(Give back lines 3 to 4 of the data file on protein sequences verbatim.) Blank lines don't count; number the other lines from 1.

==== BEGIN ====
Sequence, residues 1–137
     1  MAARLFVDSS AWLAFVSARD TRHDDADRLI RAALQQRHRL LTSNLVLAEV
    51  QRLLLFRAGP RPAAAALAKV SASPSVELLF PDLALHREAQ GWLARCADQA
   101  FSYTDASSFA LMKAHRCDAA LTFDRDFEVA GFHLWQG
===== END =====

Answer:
    51  QRLLLFRAGP RPAAAALAKV SASPSVELLF PDLALHREAQ GWLARCADQA
   101  FSYTDASSFA LMKAHRCDAA LTFDRDFEVA GFHLWQG